2005, R, 85 min. Directed by Alexandre Aja. Starring Cécile De France, Maïwenn Le Besco, Phillipe Nahon, Franck Khalfoun, Andrei Finti, Oana Pellea.
REVIEWED By Marc Savlov, Fri., June 10, 2005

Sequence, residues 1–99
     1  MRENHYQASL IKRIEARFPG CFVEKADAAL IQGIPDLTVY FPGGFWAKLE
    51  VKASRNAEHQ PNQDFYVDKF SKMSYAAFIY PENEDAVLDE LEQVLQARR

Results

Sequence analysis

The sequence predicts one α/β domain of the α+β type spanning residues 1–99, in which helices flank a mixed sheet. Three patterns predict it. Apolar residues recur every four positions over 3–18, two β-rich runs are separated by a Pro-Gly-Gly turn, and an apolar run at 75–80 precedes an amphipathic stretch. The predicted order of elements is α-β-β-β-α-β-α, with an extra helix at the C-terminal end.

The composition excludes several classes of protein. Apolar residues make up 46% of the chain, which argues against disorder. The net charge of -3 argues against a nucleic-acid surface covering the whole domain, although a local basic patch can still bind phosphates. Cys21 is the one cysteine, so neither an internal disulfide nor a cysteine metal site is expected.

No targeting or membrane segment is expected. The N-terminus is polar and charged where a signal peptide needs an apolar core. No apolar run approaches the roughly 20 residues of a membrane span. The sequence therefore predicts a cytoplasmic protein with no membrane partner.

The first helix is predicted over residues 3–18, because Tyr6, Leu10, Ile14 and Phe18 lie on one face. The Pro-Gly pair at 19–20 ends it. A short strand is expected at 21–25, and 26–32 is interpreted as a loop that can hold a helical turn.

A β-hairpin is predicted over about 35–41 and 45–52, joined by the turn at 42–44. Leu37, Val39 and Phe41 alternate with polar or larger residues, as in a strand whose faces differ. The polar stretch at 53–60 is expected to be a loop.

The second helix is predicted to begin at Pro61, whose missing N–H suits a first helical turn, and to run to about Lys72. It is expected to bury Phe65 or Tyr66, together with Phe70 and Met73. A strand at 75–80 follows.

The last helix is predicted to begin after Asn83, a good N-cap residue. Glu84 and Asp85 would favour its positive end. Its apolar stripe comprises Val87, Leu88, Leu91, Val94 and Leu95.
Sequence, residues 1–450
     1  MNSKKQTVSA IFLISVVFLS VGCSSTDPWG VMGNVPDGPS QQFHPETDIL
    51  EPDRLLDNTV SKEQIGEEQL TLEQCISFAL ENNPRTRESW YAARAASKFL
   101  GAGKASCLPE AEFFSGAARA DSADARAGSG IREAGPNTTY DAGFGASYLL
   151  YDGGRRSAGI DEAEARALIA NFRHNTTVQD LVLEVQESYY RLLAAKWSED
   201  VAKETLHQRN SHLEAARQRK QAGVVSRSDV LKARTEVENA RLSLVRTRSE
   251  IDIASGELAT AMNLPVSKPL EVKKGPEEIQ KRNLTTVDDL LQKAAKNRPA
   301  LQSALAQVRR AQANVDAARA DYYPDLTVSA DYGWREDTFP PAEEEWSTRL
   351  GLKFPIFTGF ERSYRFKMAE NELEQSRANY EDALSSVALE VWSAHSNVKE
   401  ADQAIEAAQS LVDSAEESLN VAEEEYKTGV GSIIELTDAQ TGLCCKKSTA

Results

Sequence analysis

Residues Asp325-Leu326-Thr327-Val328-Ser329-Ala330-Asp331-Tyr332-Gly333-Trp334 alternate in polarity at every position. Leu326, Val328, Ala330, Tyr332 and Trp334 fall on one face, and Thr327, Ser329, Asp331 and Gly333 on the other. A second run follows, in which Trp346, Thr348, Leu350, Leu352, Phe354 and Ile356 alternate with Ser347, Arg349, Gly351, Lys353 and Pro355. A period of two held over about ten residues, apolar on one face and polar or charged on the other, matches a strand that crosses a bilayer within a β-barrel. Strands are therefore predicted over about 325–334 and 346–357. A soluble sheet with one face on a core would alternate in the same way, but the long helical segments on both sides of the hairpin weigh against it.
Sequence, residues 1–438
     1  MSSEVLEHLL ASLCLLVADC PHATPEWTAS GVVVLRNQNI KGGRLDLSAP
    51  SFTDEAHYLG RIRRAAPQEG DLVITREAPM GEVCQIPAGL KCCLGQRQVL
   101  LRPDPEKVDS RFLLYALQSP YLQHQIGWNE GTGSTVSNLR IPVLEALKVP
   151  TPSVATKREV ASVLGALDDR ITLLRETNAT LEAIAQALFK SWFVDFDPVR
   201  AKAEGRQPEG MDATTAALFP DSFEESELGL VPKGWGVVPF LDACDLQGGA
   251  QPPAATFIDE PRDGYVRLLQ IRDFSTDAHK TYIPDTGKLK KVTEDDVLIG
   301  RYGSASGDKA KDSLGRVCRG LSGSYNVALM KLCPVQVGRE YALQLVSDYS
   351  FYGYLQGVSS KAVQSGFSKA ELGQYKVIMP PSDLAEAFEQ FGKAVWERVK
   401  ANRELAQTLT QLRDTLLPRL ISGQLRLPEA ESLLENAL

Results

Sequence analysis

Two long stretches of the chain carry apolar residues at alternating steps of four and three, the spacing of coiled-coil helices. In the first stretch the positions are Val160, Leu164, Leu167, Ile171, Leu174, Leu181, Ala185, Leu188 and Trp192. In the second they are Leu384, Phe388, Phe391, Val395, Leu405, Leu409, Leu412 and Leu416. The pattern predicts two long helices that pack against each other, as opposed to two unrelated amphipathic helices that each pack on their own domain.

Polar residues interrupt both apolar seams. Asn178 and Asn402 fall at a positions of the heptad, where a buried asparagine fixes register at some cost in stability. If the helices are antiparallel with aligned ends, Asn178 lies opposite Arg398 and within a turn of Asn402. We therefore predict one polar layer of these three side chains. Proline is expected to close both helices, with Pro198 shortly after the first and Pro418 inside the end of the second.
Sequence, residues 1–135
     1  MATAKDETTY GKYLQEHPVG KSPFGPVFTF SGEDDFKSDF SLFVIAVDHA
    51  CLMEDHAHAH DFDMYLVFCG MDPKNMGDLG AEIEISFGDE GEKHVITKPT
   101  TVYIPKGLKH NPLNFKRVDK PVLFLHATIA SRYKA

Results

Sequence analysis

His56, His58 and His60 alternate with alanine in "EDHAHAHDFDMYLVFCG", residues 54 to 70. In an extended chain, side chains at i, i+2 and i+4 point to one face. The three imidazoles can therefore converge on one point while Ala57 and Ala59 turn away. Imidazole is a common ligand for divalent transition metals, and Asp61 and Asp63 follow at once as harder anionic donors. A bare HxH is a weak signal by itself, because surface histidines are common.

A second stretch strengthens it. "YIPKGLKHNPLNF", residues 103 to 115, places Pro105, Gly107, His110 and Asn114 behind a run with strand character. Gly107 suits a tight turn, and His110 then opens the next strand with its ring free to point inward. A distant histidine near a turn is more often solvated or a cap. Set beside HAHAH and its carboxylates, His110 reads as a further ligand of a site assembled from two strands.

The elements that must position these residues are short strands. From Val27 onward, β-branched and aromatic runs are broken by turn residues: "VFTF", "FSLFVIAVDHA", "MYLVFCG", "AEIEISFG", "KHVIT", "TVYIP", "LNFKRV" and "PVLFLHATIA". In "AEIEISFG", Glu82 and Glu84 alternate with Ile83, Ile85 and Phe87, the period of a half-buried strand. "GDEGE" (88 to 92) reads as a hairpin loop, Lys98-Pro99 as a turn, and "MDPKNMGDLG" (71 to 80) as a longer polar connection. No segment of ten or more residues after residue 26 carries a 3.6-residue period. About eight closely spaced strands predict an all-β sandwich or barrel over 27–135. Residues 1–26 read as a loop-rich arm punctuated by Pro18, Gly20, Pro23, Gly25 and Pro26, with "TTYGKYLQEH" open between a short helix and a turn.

The Last House on the Left meets Psycho in this stylistically thrilling but ultimately tedious French import, dubbed and recut for an Americanized R-rating. Aja has recently been tagged to helm the remake of Wes Craven's giddy take on the Sawney Bean cannibal family, The Hills Have Eyes, and watching High Tension it's easy to see why. He directs from the gut, in more ways than the obvious, and this gruesome, hyper-violent tale of rural stalkings and nameless dread plays like early Craven minus the warped social commentary. De France plays Marie, a young Parisian who travels to the countryside with girlfriend Alex (Le Besco) on holiday only to find herself the fancy of a truck-driving maniac (Nahon) with a penchant for creatively murderous acts. You'd think the dubbing would get in the way of the story, but there's so little dialogue (and so little story) that it hardly registers. Despite that, or perhaps because of it, Aja's film is a minor masterpiece of cutting, edited within an inch of its life and genuinely disturbing at times. It's also saddled with one of the most annoying third-act reversals of misfortune yet seen on film, and one that makes its forebears (Hitchcock, De Palma) seem all the more genius by comparison. For horror fans, though, it's a blast, chock-full of mangled bodies and enough blue and red gels to light a Dario Argento film. Aja's horrific set-pieces, including a highly creative death-by-armoire and the best use of a two-by-four since Buford Pusser walked tall, are drenched in the kind of surreal, overwrought style that defined Euro-horror in the Eighties. The director clearly knows the field, and High Tension is a gripping piece of splatterpunk, despite the fact that there's not much to it. De France, with her shorn locks and sweaty, manic physique, plays to the story's middling strengths, mainly running around and watching people die in clever ways until it's time to off someone in similarly imaginative fashion; she's like Jean Seberg on a crystal-meth bender. Much has been made of this film's violence, and while the Lions Gate version in current release has been cut, the vast majority of Aja's intended gore remains gleefully intact. High Tension may have something to say about repressed urban blondes, but the message, if there is one, chokes on a mouthful of the red stuff and gets lost on the way to the grave. That's probably for the best. Shockers of this crimson stripe don't necessitate subtext, although as Wes Craven surely knows, it never hurts to have one.